About Restorative Justice
The court system does not give Mrs. Green an opportunity to ask questions. The court might (or might not) order Billy and his family to pay for the door, or to compensate her for her losses. But she won't have much, if any, say about what will happen. 
 
A restorative encounter
What would those measures be? This is another way in which restorative justice may be more responsive than the court. The participants often come with creative and particularly fitting ideas. 

Mrs. Green can ask for restitution, or she might have chores or service she thinks he should do. The circle may reveal that Billy has trouble keeping friends and has fallen in with a group his parents worry about. So maybe the agreement would include counseling or working with a mentor. If Billy has trouble with drugs, the agreement could require an evaluation and counseling.

Billy will be held accountable during he period he carries out these obligations, with firm deadlines. Mrs. Green will receive support, including reports on how he is doing.
 
In the vast majority of cases handled in this manner, people who've suffered such harms report substantially greater satisfaction with the outcome compared with people in similar circumstances who've gone through the legal process.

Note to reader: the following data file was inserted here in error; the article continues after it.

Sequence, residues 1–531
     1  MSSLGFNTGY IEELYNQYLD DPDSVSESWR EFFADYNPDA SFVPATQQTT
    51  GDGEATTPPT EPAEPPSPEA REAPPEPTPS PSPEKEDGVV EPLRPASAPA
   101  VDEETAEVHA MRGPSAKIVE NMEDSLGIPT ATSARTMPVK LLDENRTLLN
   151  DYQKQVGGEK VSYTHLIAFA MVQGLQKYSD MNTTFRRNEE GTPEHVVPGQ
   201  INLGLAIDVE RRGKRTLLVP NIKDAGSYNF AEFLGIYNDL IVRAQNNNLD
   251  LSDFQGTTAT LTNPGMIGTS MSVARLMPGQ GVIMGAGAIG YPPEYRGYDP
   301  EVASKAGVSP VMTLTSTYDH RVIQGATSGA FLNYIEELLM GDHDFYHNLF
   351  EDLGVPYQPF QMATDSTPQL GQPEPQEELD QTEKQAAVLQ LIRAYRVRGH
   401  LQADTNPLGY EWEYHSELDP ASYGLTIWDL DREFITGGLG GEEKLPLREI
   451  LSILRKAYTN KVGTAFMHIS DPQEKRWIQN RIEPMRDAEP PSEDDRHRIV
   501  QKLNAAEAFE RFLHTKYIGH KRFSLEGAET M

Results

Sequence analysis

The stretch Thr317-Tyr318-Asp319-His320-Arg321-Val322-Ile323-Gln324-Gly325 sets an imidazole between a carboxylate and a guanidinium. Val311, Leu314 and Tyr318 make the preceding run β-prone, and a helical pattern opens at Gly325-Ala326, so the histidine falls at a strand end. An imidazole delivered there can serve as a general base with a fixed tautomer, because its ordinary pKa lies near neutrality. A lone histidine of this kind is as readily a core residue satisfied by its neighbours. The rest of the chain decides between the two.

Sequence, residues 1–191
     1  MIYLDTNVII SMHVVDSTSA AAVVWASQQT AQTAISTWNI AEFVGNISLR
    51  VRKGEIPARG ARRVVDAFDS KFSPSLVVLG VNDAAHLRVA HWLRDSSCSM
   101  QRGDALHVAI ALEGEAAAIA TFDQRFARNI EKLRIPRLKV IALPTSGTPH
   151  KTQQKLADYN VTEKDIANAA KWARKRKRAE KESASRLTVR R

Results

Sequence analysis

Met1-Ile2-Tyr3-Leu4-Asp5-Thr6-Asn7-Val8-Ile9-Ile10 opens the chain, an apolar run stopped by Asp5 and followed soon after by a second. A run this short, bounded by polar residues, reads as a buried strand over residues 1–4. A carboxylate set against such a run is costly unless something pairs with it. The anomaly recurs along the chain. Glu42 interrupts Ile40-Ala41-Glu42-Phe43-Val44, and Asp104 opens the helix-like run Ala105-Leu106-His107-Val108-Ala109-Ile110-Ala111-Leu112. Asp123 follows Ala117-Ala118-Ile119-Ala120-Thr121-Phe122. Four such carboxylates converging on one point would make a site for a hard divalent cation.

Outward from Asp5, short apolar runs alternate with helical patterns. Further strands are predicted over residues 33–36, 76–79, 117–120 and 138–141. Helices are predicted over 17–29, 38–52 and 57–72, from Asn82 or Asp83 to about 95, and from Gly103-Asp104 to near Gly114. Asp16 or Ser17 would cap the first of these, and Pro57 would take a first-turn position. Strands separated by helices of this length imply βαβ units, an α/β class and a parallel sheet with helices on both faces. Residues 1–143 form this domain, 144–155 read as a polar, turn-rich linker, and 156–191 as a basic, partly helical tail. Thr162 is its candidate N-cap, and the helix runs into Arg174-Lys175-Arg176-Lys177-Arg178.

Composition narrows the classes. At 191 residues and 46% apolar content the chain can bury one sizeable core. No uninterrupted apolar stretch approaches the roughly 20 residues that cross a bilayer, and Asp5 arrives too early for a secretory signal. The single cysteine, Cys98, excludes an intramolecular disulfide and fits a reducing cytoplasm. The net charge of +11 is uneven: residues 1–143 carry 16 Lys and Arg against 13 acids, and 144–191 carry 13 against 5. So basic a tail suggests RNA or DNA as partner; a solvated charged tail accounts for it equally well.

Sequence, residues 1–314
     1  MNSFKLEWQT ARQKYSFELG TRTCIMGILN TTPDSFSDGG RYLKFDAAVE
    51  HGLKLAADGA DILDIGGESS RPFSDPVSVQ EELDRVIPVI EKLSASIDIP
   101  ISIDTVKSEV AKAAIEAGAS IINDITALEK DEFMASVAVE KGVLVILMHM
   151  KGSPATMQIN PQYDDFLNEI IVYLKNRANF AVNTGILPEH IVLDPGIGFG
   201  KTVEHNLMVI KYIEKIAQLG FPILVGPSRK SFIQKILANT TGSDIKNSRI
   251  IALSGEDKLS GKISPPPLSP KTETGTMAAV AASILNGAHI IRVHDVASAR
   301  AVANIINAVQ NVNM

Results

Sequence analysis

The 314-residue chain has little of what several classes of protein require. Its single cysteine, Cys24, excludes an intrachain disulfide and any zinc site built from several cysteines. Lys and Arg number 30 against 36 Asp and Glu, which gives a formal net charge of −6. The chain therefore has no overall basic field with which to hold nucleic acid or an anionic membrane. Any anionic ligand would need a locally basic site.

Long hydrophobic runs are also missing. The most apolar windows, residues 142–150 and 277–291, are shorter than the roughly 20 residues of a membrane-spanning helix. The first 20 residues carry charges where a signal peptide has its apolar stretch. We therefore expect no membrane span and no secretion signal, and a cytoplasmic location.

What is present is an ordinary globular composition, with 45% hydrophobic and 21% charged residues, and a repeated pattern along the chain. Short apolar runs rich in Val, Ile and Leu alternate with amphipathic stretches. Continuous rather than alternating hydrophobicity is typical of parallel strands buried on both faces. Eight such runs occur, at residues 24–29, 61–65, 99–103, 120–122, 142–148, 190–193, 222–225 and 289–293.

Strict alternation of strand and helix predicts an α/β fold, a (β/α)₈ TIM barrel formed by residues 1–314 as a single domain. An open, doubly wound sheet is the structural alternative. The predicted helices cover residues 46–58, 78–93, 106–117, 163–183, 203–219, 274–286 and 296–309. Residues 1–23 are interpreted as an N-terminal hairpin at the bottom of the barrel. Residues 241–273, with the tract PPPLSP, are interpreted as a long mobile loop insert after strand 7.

And those who have done harm, like Billy, report they have learned and feel better after having made amends.
RJ is a set of principles, chief among them that crime and wrong-doing are not just violations of laws or rules, but of people and relationships.
 
Restorative justice is about balancing accountability by those who've done harm and support for people who have been harmed. With compassion for both.
 
An example
 
When Billy from down the street breaks Mrs. Green's screen door and helps himself to some of her valuables, he's hurting HER, not the state. Yes, he could be charged with breaking and entering and larceny, but for Mrs. Green, the issue is probably more complex. Her security has been shattered, she has a broken door, and maybe her things are missing. She also knows that her neighbors were frightened when they learned what happened.
 
And maybe even more important, she knows Billy and his parents. 
 
She may have questions, like, why?
 
In some jurisdictions, Mrs. Green can request restorative justice from police, the court, or a community group. A facilitator will meet with her to hear about what happened and what she needs, what her worries are and what she'd like from Billy. The facilitator meets with Billy, too. Then a meeting will take place and each participant will have the chance to speak and (often, just as important) listen. Mrs. Green will have the chance to say how she was affected by Billy's actions. Billy will hear it, as he faces her.
 
This meeting, called a circle or a conference, results in a restorative agreement containing obligations Billy takes on in order to make up for the acts.